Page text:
This is not surprising in that the secondary metabolites of higher plant origin such as alkaloids, phenols and flavonoids have been suggested to possess antibacterial properties (Aboaba and Efuwape 2001; Goud et al., 2008). Alkaloids, tannins, saponins were detected in considerable higher concentrations than phenols and flavonoids in the extracts of all the experimental plant (Table 3). Hence, the antimicrobial activity of these plants can be attributed by the presence of alkaloids, tannins and saponins. It has been well reported that alkaloids, phenols are plant metabolites well known for antimicrobial activity (Goud et al., 2008) and these phytochemicals exert their antimicrobial activity through different mechanisms. It is noteworthy that the first generations of plant drugs were usually simple botanicals employed in more or less crude form. Several effective medicine are used in their natural state such as Cinchona,Opium,Belladonna and Aloe were selected as therapeutic agents based on empirical evidence of their clinical application by traditional societies from different parts of the world. Following the industrial revolution, a second generation of plant based drugs emerged based on scientific processing of the plant extracts to isolate “ their active constituents” (Maurice et al., 2007) .

The second generation phytopharmaceutical agents were pure molecules and some of the compounds were even more pharmacologically active than their synthetic counterparts. Notable examples were quinine from Conchona, reserpine from Rauvolfia, and more recently taxol from Taxus species. These compounds differed from the synthetic therapeutic agents only to their origin. They followed the same method of development and evaluation as other pharmaceutical agents.

The result of this study suggests that these experimental medicinal plants contain appreciable amounts of anti- nutrients which can provide an alternative solution for the treatment of infections caused by antibiotic resistant Salmonella species.

REFERENCES Aboaba, O. and Efuwape, B. M. (2001). Antibacterial properties of some Nigerian spices Bio Res Comm 13: 183-

188

Akinyemi, K. O., Coker, A. O., Olukoya, D. K., Oyefolu, A. O., Amorogboye, E, P. and Omonigbehin, E. O. (2000): Prevalence of multi-drug resistant Salmonella typhi among clinically diagnosed typhoid fever patients in Lagos, Nigeria. Z Naturforsch 55:489-493.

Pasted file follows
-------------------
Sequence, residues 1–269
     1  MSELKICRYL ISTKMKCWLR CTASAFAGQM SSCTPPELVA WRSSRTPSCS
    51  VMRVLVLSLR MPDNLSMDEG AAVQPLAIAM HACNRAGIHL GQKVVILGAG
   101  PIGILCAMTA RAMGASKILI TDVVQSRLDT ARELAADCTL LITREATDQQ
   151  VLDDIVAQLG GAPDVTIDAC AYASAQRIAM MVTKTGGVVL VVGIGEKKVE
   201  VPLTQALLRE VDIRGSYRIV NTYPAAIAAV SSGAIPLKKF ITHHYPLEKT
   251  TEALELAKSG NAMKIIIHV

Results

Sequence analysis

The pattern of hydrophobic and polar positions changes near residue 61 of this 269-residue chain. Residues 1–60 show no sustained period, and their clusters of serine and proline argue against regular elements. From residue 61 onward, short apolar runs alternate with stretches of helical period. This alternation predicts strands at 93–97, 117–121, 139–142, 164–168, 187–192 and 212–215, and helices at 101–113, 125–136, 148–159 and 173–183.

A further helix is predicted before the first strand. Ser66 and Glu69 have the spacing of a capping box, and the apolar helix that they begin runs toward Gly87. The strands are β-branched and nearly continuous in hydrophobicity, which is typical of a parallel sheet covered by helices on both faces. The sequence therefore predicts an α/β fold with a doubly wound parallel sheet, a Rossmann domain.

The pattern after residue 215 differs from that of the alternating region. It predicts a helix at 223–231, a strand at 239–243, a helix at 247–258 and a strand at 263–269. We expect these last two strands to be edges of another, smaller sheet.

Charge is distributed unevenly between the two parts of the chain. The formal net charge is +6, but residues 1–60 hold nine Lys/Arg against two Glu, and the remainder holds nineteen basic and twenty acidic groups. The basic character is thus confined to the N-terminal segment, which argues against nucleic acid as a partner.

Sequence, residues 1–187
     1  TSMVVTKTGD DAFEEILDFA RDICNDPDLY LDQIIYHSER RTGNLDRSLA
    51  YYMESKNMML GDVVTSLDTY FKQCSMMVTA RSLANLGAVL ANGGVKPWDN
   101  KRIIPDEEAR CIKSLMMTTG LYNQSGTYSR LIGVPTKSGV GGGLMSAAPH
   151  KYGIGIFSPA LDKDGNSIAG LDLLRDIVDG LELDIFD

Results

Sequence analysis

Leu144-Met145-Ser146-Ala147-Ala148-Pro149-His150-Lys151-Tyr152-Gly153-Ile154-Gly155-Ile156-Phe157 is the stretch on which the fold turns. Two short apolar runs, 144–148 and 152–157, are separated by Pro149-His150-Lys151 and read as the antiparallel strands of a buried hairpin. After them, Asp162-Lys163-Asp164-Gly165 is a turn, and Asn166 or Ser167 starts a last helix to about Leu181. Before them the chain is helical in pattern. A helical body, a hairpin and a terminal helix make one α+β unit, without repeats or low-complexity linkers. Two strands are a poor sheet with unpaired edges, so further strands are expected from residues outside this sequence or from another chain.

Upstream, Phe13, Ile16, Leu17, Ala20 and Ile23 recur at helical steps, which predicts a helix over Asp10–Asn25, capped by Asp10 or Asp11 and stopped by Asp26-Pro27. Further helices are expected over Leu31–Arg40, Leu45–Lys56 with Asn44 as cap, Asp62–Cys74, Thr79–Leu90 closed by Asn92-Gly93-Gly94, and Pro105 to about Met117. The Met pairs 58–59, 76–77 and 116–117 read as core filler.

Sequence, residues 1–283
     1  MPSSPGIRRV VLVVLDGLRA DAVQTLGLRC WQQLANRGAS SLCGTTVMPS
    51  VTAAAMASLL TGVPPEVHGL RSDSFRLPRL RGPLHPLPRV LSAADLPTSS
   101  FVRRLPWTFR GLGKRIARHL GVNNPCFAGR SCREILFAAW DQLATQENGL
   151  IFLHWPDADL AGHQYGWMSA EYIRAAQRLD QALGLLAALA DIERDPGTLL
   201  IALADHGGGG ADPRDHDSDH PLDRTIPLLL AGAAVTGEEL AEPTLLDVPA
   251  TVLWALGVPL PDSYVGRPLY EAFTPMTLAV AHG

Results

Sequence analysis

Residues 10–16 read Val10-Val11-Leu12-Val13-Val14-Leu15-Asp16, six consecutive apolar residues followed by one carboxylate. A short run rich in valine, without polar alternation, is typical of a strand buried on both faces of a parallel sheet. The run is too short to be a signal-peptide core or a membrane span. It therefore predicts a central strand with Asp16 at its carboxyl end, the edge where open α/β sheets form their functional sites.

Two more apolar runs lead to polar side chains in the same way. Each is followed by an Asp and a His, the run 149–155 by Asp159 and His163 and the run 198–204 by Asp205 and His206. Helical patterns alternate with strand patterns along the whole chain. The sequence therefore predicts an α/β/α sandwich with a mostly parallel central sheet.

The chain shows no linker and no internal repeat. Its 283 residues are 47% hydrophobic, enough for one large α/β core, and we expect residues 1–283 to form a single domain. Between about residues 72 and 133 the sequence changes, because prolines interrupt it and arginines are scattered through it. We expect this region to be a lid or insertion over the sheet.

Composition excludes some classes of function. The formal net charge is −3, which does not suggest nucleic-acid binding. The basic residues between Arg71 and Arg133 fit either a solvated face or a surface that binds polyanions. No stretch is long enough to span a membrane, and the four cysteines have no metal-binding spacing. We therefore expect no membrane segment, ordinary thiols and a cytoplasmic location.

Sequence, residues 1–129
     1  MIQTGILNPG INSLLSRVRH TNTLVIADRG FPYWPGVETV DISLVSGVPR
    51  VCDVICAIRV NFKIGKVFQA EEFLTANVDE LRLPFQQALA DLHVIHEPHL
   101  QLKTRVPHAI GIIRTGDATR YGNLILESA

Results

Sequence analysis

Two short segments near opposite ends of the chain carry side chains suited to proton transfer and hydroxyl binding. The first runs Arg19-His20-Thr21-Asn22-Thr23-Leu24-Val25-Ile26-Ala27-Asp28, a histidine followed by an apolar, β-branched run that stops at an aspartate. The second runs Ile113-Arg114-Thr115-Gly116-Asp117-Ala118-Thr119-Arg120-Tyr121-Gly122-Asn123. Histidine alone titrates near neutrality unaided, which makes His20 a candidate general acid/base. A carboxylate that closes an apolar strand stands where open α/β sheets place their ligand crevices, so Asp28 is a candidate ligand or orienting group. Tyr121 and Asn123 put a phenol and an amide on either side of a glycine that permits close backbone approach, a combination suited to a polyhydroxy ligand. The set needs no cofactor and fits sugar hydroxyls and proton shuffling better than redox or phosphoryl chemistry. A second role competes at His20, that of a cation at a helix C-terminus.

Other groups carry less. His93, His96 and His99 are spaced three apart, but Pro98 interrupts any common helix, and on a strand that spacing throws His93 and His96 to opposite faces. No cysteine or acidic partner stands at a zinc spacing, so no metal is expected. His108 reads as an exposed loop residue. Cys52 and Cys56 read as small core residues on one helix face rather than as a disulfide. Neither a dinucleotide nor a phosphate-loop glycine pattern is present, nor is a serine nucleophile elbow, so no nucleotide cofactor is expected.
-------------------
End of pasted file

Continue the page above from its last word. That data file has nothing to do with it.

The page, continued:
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Akinyemi, K. O., Smith, S.T., Oyefolu, A. O., coker, A. O. (2005). Multi-drug resistance in Salmonella enteria

serovar typhi isolated from patients with typhoid fever complications in Lagos, Nigeria. Public Health 119: 321-

327.

Akinyemi, K. O., Bamiro, B. s. and Coker, A. O. (2007): Salmonellosis in Lagos, Nigeria: Incidence of Plasmodium falciparum-associated co-infection, patterns of antimicrobial resistance and emergence of reduced susceptibility to fluoroquinolones. J. Health Popul Nutr. 25 93): 531-538.

Barrow, G. I. and Felthan,R. K. A. (1993). Cowan and Steel’s Manual for the identification of Medical Bacteria (3 rd ) Cambridge University Press London. 122-148.

Bauer, A. W., Kirby, W. M., sherries, J. c. and Turck, M. (1966). Antibiotic susceptibility testing by a standardized single disc method. Am. J. Clin. Pathol. 45: 493-496.

Boham, b. A. and Kocipai-Abyazan, R. (1974) Flavonoids and condensed tannins from leaves of Hawaiian Vaccinium vaticulatum and V. calycinum. Pacicfic Sci 48: 458-463

Collins, C. H., Lynes, P. M. and Grange, J. M. (1995). Microbiological Methods 7 th ed. Butterwort Heinemann Ltd. Britain, pp 175-190

Goud, M. J. P. Komraiah, A., Narasimha, K. ragan, A., Raju, V. S. and Singara Charya, M. A. (20080. Antibacterial activity of some folklore medicinal plants from South India. Afr. J. Tradit Complement altern Med 5(4): 421-426

Grace, O. M., Light, M. E., Lindsey, K. L., Mulholland, D. A., van Staden, J. and Jager, A. K.(2002). Antibacterial activity and isolation of active compounds from fruit of the traditional African medicinal tree Kigelia Africana. South African J of Bot. 68 (2):220-222.

Harbourne, J. B. (1973). Phytochemical methods. London, Chapman and Hall Ltd. Pp 49-188.

Helms, M., Ethelberg, S., Molbak, K. (,2005). The International Salmoella typhimurium DT104 Infections 1992- 2001 Emerg. Infect Dis 11 (6): 859- 867

Houghton, P. J. (2002). The sausage tree Kigelia Africana: Ethnobotany and recent African J of Bot.68: 14-20.

Scientific

work.

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Iwanoff, B. (1999). Typhoid fever: global situations and WHO recommendations. Southeast Asian J. trop Med Public Health 26 (Suppl 2): 1-6

Kumar, P., Surendram, P. K. and Thampuran, N (2009), Analysis of Antimicrobial Resistance and Plasmid profiles in Salmonella serovars associated with Tropical Seafoods in India. Foodborne Pathog and Diseases 6(5): 621-625 Marjorie, M.C (1999) Plant products as antimicrobial agents. Clinical Microbiology Reviews 12 (4) : 564-582.